Smells Great, Tastes Even Better: Apple Cider Jelly

Casey Barber

by Casey Barber on November 21, 2013

It seems like every time I empty the dishwasher these days, I spend most of that time pulling butter knives and spoons out of the silverware basket. This can only mean one thing. I’m back on the jam wagon for the season.

apple cider jelly, via goodfoodstories.com
A piece of sourdough toast, lightly coated with salted butter and generously scooped with homemade jam or jelly, is my weekday breakfast of champions. Apples and nut butter are dandy, oatmeal is fine, and smoothies and juices are great when I’m feeling healthy and motivated. (Egg-and-cheese sandwiches are reserved for special weekend indulgences, ’cause a girl needs something to look forward to as she reads the New York Times Magazine.) But as I’ve told you before, jam is my jam. And if that’s what’s going to get me through the cold months ahead, whether it be grape, sour cherry, cranberry, or the latest addition to my stash—apple cider jelly—then I’ll happily accept it as my vice.

I’ve reduced pure cider down to syrupy jelly before, adding it to a superb cider, maple, and cream tart a few Thanksgivings ago. But my yield from a whole gallon of cider was minimal—an 8 oz. jam jar for all my time and trouble (ok, it was no trouble at all; it simmered away on the stove one afternoon, filling my house with the most incredible fall scent that Yankee Candle wishes they could accurately replicate but can’t even touch).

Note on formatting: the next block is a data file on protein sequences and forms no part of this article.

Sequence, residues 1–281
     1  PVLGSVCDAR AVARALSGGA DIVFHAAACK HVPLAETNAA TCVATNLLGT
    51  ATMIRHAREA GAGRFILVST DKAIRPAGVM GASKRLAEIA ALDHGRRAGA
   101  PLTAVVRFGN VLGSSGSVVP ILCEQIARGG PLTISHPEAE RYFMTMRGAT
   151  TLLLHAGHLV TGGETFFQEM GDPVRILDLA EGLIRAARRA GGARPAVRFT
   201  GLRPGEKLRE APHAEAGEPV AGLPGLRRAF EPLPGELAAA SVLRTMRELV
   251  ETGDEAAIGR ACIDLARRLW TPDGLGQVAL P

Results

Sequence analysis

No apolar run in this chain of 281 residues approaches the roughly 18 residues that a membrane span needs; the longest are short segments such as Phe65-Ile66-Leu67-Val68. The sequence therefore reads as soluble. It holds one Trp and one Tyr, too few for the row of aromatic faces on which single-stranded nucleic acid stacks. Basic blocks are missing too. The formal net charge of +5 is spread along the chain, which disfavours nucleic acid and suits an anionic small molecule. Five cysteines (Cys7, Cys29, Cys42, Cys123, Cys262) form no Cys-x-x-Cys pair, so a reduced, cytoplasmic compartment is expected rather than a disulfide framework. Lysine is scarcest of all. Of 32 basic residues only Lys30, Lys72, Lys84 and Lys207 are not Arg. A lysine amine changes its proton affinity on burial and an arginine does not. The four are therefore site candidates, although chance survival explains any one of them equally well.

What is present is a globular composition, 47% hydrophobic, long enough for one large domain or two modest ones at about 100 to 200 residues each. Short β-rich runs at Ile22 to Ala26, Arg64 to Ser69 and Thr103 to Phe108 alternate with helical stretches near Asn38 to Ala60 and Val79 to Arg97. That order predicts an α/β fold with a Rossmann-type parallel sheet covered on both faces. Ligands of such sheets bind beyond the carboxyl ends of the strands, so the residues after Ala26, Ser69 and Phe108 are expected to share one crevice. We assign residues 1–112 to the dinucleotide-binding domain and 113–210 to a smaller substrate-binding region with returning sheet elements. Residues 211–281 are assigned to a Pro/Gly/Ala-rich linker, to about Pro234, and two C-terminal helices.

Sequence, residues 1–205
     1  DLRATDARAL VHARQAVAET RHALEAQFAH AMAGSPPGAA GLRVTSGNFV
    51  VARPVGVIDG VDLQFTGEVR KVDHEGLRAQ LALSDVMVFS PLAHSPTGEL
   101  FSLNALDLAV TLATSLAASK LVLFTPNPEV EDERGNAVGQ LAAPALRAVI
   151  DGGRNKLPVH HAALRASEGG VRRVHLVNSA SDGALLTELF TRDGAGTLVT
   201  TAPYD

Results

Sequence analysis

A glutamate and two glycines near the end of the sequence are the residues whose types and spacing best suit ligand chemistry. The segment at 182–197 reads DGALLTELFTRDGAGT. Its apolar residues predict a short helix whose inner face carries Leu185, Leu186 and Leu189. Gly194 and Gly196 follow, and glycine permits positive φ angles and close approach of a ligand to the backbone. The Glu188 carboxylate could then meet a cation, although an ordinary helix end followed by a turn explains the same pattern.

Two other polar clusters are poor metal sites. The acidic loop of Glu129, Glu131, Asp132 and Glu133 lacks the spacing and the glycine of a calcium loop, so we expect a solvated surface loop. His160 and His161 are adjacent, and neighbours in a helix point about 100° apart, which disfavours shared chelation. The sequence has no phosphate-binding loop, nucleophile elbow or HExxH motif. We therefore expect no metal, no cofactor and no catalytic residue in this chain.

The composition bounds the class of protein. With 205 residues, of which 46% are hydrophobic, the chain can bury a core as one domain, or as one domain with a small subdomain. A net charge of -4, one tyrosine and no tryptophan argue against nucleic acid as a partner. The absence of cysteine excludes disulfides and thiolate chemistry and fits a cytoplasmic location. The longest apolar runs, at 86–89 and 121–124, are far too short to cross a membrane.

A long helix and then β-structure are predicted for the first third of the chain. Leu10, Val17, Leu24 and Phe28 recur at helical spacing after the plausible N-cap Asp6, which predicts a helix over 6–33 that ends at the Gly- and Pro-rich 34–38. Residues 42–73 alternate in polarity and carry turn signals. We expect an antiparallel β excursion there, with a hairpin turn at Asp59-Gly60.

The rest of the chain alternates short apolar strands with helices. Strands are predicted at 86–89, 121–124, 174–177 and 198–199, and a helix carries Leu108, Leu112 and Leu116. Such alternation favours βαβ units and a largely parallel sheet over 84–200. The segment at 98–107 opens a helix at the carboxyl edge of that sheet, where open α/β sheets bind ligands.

Being the greedy cider glutton I am, I didn’t want to come away with only one jar of jelly this time around. That wouldn’t last me through the winter—heck, that wouldn’t even last me through November. And while I could fill my big-ass stockpot to the brim with cider and let it bubble away for a day, bringing the total yield up, I decided to cheat the cider gods instead.

apple cider jelly, via goodfoodstories.com
Apples are crazy-high in pectin (in fact, you can use them to make your own pectin instead of buying commercial liquid brands), which is why the cider would set… eventually… into jelly if I kept letting it do its thing. But a package of low-sugar pectin, which was burning a hole in my pantry, became my secret weapon. Once the cider had reduced from 4 quarts of loose, sloshy juice into 1 quart of opaque liquid, I dumped that powder into the pot, whisking like a madwoman. In five minutes, the juice had thickened to the consistency of molasses, and I was all set (pun intended, obviously) to indulge in spoonfuls of tart jelly all winter.

My jars of apple cider jelly and I will be very happy and cozy together for the next few months, spending our mornings in a buttery, toasty haze and accompanied by our best friend coffee. We’ll see you in April for rhubarb season.

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